Ivana Kupala Night

Sunday, July 6th, 2014

Ivana Kupala Night

So the warm days are settling in, the cool early morning rides through meadows to avoid to avoid the heat of the day also continue. Friends join for a few days riding and friends of friends are providing dinners of stewed pork knuckle, roasted meat and potatoes, evenings in the banya with cool ponds to jump into. The early morning dew continues to get lighter and yet by midnight, the crescent moon reveals a spreading summer mist that covers the fields.

After an afternoon visit to a ruined estate, which is in the process of being restored by a Belarussian repat, who has come home with the enthusiasm and money to restore the family estate, we again came across the
museum keeper from the family estate in a Catholic village where we planned to spend the night. The area we are riding through was Poland until 1939, so Orthodoxy is replaced by Catholicism and crosses welcome us to every village. Antonina Nikoleavna invited us to join the evening celebration of Ivana Kupala (Kupala night).

Kupala night is the Slavic celebration of mid-summer. A night of mystery and magic as local girls, with their flowery headresses, search for future husbands, either by looking for flowering ferns in the woods, by throwing their flowery garlands into the rivers and seeing reflections of their future husbands and by jumping naked over bonfires. A kind of multilayered, failsafe approach. Swimming at the end of the evening (dawn really) is compulsory and according to one local maid with a twinkle in her eye, must be done naked. Clearly, another failsafe mechanism!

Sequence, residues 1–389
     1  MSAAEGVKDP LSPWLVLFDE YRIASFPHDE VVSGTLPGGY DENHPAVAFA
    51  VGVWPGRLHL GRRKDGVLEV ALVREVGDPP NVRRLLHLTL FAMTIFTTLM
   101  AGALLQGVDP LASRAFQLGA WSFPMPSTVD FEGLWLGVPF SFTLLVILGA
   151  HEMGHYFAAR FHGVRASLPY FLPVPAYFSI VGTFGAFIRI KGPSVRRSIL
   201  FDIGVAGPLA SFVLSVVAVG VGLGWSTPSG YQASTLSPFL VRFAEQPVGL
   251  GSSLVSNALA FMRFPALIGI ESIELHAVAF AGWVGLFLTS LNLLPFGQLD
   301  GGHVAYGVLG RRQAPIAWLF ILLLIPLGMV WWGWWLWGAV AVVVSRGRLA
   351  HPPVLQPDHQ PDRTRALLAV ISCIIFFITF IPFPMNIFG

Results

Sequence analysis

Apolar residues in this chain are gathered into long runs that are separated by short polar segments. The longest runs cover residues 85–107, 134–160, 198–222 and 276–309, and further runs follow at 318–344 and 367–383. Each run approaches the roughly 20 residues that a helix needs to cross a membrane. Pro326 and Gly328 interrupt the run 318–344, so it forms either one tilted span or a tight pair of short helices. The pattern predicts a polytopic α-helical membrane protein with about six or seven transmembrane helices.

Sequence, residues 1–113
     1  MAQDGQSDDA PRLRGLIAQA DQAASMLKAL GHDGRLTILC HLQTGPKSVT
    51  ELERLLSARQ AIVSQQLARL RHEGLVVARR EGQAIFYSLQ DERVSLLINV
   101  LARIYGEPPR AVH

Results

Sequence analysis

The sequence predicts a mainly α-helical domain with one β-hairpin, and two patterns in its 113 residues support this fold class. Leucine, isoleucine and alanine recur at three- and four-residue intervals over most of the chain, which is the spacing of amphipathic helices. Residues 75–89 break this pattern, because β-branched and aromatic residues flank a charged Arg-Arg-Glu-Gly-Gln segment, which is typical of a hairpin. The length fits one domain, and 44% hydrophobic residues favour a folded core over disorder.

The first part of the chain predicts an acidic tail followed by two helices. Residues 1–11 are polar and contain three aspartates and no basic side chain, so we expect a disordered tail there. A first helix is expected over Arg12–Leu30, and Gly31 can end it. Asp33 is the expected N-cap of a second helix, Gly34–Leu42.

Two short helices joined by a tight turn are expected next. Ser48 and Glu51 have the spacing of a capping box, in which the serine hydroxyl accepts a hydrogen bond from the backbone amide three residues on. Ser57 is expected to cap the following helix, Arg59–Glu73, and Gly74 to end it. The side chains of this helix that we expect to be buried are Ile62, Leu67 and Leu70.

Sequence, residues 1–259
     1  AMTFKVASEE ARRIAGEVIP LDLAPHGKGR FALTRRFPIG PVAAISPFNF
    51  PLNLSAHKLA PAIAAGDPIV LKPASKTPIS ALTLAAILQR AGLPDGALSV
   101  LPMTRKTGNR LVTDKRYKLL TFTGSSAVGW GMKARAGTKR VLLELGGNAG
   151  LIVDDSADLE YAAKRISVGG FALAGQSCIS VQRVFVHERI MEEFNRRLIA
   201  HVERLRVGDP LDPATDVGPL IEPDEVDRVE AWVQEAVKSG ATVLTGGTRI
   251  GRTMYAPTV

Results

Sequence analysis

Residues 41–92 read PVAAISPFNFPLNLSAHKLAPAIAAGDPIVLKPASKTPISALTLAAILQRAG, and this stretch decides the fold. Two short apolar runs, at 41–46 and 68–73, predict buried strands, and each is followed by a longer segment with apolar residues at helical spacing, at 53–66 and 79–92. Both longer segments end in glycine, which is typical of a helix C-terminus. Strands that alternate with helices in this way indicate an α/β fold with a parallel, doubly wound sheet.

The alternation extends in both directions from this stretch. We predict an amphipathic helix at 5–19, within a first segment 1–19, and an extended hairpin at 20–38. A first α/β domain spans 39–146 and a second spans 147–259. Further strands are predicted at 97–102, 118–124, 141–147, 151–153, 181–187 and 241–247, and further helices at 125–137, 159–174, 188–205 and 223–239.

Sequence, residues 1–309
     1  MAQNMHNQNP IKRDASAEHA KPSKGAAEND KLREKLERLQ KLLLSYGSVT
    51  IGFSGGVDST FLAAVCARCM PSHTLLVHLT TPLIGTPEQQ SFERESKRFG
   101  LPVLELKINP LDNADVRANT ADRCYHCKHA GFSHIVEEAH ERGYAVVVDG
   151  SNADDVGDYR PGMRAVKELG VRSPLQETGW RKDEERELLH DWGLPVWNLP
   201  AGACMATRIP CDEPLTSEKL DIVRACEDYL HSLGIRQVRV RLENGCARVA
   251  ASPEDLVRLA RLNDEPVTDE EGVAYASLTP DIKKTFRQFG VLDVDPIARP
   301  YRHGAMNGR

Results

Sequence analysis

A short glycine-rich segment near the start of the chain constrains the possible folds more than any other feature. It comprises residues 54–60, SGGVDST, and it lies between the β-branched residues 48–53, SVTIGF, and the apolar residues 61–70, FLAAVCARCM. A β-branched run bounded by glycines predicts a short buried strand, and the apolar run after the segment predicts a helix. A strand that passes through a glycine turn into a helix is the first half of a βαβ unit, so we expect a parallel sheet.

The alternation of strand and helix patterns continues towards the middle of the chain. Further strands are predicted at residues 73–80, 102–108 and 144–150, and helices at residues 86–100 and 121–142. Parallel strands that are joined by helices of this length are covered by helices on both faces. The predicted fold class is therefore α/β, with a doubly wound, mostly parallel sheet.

Local Catholics over the years have tried to turn this into a feast day of John The Baptist, but it seemed to me that the Pagan, folkloric side of this summer festival was the prevailing one, although the ghost of Delilah was to be seen from time to time.

As night fell, locals gathered to the sound of a drum, guitar and the discordant harmonies of the band, which was clad in white peasant attire. Some dressed in traditional Kupala costume, some in jeans and t-shirts. Antonina Nikoleavna was the Pagan High Priestess of ceremonies, ushering in with a wave of her hand and a smile, garlanded girls to sing and dance (folksongs and linen mingled with silk waves and Celine Dionne's Titanic). Brawny villagers, many of whom had the stare indicative of too much vodka, competed in contests of strength and to hunt for hidden treasure (more beer and vodka).

As the midsummer mists were starting to cast a chill on all, three large bonfires with "guys" were lit and suddenly, we were all dancing hand in hand around the blazes, which threw out a welcome warmth and whose vigorous flames lit up the night sky, spitting and crackling and sending up sparks and smoke into the moonlit sky.

As the flames subsided, alliances formed to hunt for the flowering ferns in the surrounding flower meadows and copses, splashes and shouts resounded all around as locals threw themselves into the waters of the lake. Some sat, transfixed by the fires and the summer mists carpeted the surroundings, leaving me again to wonder why people in this part of the world called England "Misty Albion".

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